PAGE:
This chapter begins Part 2 (The Character of Technology), the first half of which (chs 8-12) aims to describe and articulate the paradigm of technology, and the second half of which (chs 13-16) aims to ask how we have come to terms with technology politically and socially. The thesis which Borgmann will be following throughout is that technology, as the characteristic way we engage with the world, is guided by a basic pattern. This pattern, however, like many deeply ingrained patterns, can be impossible to see. This is essentially the observation that the features of our worldviews which are fundamental (in the “background”, so to speak) are themselves not open to our introspection without some serious effort.
That effort for Borgmann is put to use in returning to the first articulations of technology. They go back to the founding event of modernity: the Enlightenment. The Enlightenment was the original modern liberation movement, and thus technology (as a liberating force) is usually seen as a corollary of it; Borgmann claims, to the contrary, that technology is a primary current in that stream. Descartes, for example, calls out technology as an obvious tool of intellectual liberation, describing its potential for self-determination (making us “masters and possessors of nature”), for freedom from labor, and for freedom to enjoy one’s faculties.
The proper grounding of this vision was not seen until the middle of the 19th century, however. Before that, machines and efficiency multiplied, but with a corresponding degree of toil and misery. Eventually, industrialized nations saw the fruits of the new technological order, and strong arguments indeed can be made for the disburdening character of technology (disburdening us from disease, hard manual labor, etc…).
This promise of technology (of self-determination and freedom) is reiterated constantly in all kinds of social and political rhetoric. The implication is that the mature technology of an advanced industrial society is continuous with the liberating technology which, for example, helped more and more people survive and do business in North American winters. Borgmann doesn’t take this for granted, and offers modern advertising as an example of the macabre and seemingly trivial ends to which technology is now put. Marketers selling us “world-class cuisine” without leaving home (through the use of the microwave) seems somehow hollow when put next to vaccinations of serious diseases.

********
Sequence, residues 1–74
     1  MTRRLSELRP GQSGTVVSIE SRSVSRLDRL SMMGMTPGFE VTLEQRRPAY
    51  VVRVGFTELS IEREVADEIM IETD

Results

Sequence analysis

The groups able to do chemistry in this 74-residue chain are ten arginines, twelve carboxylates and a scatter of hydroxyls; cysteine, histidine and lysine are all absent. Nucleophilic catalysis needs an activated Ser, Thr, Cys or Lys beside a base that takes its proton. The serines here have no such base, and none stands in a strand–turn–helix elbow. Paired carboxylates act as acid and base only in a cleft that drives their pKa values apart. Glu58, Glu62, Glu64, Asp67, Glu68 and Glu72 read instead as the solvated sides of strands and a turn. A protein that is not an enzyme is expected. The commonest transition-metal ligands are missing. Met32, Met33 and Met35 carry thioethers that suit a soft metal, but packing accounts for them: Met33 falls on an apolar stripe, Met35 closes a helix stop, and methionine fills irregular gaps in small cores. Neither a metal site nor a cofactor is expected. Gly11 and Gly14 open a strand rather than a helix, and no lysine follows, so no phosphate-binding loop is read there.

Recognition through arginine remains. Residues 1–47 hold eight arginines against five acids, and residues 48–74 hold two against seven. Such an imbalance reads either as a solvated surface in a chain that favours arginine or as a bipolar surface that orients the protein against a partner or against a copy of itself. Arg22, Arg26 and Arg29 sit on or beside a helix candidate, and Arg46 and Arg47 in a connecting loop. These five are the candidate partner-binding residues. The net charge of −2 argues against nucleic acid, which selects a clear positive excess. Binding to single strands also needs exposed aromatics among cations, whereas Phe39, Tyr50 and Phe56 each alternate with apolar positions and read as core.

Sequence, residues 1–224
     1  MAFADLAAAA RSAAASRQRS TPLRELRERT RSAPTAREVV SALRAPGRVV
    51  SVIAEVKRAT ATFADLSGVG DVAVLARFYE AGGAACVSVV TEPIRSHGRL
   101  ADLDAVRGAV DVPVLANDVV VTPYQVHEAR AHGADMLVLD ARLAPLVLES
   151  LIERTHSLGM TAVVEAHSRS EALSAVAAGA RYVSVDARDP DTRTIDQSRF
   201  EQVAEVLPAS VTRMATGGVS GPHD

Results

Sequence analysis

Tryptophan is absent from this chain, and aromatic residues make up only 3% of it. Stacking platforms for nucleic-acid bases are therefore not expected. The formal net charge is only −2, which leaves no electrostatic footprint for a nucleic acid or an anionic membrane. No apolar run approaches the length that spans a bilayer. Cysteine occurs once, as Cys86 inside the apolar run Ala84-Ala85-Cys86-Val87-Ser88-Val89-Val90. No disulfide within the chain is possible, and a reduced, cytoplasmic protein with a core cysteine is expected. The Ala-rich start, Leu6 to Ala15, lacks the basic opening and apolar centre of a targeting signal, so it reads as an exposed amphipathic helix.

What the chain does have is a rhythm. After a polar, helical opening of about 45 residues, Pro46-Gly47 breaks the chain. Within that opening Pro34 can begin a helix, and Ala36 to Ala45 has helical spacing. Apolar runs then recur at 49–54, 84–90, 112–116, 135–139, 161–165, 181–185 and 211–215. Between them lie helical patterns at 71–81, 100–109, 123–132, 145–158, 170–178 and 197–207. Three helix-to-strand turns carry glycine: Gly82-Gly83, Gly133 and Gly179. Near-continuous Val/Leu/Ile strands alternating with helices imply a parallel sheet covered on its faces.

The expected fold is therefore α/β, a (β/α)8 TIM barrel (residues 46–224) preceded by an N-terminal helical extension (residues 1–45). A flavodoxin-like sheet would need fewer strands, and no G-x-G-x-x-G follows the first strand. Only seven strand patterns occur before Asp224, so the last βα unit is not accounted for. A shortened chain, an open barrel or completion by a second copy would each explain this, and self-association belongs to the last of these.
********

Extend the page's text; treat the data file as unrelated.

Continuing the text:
So, we can ask several questions about the promise of technology. Can technology be successful in delivering this promise, even on its own terms? Will it impose new burdens to replace the old (a pernicious irony which can be seen quite clearly in the traffic jam, for example). Can it fulfill its promise in a just way, without merely sweeping toil under the rug of the developing nations? And finally, is the promise well-conceived and worth keeping to begin with?
The promise presents the character of technology in broad outline. It is essentially “the general procurement of liberty and propserity in the principled and effective manner that is derived from modern science” (39). But is this outline too broad? Does it allow for technology to descend into meaningless “improvements”? As Borgmann says, “Initial genuine feats of liberation appear to be continuous with the procurement of frivolous comfort” (39). If this is the case, it is perhaps worrying.
At any rate, Borgmann agrees that we could spend much fruitful time looking at the history of the promise of technology (through e.g. Heidegger), but in this book we’ll be moving on to the contemporary analysis. This will begin in earnest with the next chapter, “The Device Paradigm”, which is one of the central chapters of the book. Until then…